The trick to a good elephant spotting, however, is predicting how they are going to move. Lex’s mom is the master of this art of prediction. Having successfully guessed the likely path of a lion the day before, when Jeanne said to stop and wait for a large group of elephants that were rambling through the trees, we heeded her advice.
She was right to suggest we wait. Soon enough the whole pack of elephants came marching across the road, giving us a new perspective of their immensity. As they rumbled past us it wasn’t long before they disappeared out of view and the entire herd was once again hidden in the bush. – M
While all of our time in Kruger National Park was continuously rewarding, having to exit the gates every evening was always a heartbreaking moment. It was then no surprise that some of our most unique and remarkable moments came from the nights we were inside the park itself.
We made our way down south from Skukuza, setting out for a private bushcamp named Biyamiti. The road was long and hot, but not without some reward. After mistaken shouts of ‘elephant!’ and ‘buffalo!’, our eyes focused on what was actually our first white rhino spotting. A few minutes later, with our eyes pressed firmly against binoculars, the huge animal emerged from its hiding spot with a little calf alongside.
After some time admiring the animals we tore ourselves away and wound our way down to our stop for the night. The little camp sits on a private road and so the only people around are the few who are staying there. It has bare amenities and simple concrete bungalows, perfect for a real ‘in the bush’ experience.
We unloaded our supplies for the night and kicked up our feet next to the early flames of a braai. The African sun ended the day with all its usual ceremony, and we spent time recalling the highlights of our drive. As night fell and the sounds of the bush increased over the crackle of the fire, I think for just a moment all of us felt humbled by the nature that spread out all around us. – L
Being with your own transport in Kruger National Park certainly has many advantages. You can set your own course for the day, steal a few extra hours of sleep when you’d like, and there’s no competing with a larger elderly gentleman with a zoom lens as big as the window you’re sharing. Although that’s not to say being without a tour doesn’t also have its drawbacks.
One of those things you miss out on is some of the most active hours for animal viewing. Before the gates open to the public and after they shut, are some of the hours in which many of the big animals start to move. Either lying on the warm roads as the colder evening sets in, or stalking the early mornings for food to fill their bellies.
Knowing the advantages of the golden hours, we eagerly put our names down for a sunset drive organised by the park itself. A trained ranger led the drive, his knowledge helping to make even the mundane fauna and flaura take on a new life in our eyes. We soaked up the information eagerly, each tidbit changing our perception of the park.
As the sun tinged the world in gold before falling behind the distant hills we watched the park take on a new life. Reflective eyes glowed from the trees, a pack of hyena scrambled along the dips of the road, and a lone male lion contemplated our arrival before he set off back into the night.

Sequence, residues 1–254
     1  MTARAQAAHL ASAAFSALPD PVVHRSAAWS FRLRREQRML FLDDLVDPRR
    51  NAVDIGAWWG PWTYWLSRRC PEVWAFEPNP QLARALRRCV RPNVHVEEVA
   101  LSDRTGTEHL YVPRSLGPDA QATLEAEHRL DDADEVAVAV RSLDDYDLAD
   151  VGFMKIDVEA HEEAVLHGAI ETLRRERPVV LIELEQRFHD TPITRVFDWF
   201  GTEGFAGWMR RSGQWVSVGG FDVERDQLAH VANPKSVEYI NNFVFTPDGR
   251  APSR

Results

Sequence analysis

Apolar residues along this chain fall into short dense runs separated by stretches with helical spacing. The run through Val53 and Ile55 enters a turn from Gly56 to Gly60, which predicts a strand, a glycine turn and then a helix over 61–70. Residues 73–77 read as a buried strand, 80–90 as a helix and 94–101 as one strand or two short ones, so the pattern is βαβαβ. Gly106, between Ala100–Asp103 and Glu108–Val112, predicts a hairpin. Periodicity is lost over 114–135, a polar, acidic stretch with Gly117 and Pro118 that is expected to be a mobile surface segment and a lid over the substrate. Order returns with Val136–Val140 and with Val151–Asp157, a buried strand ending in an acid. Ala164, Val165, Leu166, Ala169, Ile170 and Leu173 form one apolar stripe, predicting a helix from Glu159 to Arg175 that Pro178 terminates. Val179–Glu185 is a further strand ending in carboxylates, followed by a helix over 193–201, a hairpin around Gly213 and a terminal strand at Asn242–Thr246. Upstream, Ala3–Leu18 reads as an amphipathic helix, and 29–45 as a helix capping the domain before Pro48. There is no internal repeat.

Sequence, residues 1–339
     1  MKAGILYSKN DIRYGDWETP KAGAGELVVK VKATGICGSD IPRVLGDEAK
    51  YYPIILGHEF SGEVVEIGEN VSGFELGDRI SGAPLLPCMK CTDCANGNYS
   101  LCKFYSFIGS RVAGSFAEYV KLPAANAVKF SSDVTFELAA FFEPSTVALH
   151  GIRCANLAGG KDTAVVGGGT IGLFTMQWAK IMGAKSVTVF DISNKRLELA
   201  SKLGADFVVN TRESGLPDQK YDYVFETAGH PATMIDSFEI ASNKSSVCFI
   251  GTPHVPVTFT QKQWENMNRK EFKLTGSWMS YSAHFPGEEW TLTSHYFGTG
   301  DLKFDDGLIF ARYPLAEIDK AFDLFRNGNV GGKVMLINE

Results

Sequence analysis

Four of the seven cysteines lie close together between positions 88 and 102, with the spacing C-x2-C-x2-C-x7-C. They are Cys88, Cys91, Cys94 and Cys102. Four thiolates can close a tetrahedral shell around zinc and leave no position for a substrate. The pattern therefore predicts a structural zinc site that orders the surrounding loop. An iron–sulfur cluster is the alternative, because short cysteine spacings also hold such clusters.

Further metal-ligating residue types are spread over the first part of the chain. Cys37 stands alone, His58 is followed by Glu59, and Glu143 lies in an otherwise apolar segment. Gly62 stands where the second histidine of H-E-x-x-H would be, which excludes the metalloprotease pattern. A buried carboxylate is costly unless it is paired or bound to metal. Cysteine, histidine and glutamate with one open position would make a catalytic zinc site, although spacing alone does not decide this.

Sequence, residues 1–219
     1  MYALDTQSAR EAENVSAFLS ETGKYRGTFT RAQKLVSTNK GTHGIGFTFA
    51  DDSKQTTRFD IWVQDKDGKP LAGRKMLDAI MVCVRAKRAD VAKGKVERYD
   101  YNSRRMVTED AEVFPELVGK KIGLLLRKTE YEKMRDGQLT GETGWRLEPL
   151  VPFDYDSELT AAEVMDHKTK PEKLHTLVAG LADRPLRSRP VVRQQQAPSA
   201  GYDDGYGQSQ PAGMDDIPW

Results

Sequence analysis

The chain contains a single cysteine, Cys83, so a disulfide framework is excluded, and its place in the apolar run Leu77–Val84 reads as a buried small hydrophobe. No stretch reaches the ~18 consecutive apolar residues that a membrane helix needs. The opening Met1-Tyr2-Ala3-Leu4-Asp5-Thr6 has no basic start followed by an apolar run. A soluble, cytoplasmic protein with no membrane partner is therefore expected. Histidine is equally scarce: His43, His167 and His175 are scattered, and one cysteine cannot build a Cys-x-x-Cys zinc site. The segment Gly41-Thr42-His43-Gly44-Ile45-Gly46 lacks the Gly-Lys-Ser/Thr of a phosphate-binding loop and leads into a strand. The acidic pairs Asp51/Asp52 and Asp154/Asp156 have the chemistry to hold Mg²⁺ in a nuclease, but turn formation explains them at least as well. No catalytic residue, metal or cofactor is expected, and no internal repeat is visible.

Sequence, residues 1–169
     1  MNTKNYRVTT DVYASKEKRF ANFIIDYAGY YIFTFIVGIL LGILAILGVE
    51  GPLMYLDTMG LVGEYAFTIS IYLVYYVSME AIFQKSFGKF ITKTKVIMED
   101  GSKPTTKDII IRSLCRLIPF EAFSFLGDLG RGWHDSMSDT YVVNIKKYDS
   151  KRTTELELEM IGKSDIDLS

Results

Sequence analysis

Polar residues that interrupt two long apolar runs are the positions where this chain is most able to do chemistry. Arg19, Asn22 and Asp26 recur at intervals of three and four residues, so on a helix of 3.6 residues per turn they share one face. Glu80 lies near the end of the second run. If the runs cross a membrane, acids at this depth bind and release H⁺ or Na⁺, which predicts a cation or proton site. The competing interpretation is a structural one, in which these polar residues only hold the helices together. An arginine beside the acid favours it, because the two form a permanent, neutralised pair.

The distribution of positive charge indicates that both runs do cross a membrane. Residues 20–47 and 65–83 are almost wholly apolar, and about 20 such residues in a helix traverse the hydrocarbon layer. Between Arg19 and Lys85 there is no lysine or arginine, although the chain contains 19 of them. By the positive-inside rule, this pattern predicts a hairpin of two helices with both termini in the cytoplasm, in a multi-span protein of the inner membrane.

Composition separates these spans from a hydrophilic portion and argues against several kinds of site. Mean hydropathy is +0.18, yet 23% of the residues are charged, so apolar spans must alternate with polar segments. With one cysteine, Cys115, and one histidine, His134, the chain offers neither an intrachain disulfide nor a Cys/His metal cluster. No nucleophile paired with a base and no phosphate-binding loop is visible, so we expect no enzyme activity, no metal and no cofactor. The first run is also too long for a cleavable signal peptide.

We saw and learnt things we couldn’t have without the sunset drive, and these hours outside of the gate times will be some of our fondest memories of our time inside the park. – L
Seeing this long legged wonder in person was a highlight of my Kruger trip. When I call these mysterious animals a wonder, I’m really not exaggerating. As everyone knows, they are the tallest living animal on the planet. While there are no other living creatures quite like it, the giraffe hasn’t always been alone in its awkward looking shape.
One might quickly guess that the giraffes’ closest living relative might be a horse or a deer, but you’d be mistaken. The giraffe is one of only two living animals in the family Giraffidae. The other animal is the okapi, a creature native to central Africa that I’m convinced must have been born out of a late night encounter between a giraffe and a zebra. The eight other members of the family are now extinct deer-like mammals. So if you’ve ever pondered how prehistoric a giraffe looks, you weren’t far off. – M
We woke up in the camp site of Skukuza before sunrise the next morning. Fumbling around in the dark with a single torch between us, we squeezed into our hiking shorts and plotted our route through the camp to the meeting spot for our morning bush walk.
The rangers introduced themselves as Pilot and Mohammed. They loaded us, several other tourists and their rifles into a large open sided jeep and off we went. The cool early morning air saw several animals hanging out by the road. Hyenas scurried off into their little roadside holes as we passed, a genet dashed across the road followed by the squawks of an angry hornbill and a little elephant calf trumpeted angrily at our interruption.
Before long the rangers pulled up onto a dirt road, briefed us all to stay in single file and we set out into the bush. As we walked we’d never go more than a few meters without the guides pointing out interesting flaura, fauna and, most excitingly, fresh animal tracks. Impala hoof prints dominated but, there a leopard or hyena had recently passed and here a rhino had grazed only moments ago.
It didn’t take long before the guides raised their hands and brought us all to a stop. Signs of the bush which we’d all missed had told them exactly what they needed to know. We crept round a thicket of thorny trees and there 30 meters away stood three large white rhinos. “If they come this way, dive behind this bush,” said a now stern Mohammed.
For 20 minutes we moved through the bush watching these giant beasts crunch, stomp and poop their way through the scrub. With no car between us, or fence to protect us it was the most connected either of us had felt to any previous sighting. The enormous animals held such a presence that even now, a week later, we both agree that it was the defining moment of our Kruger National Park experience. – L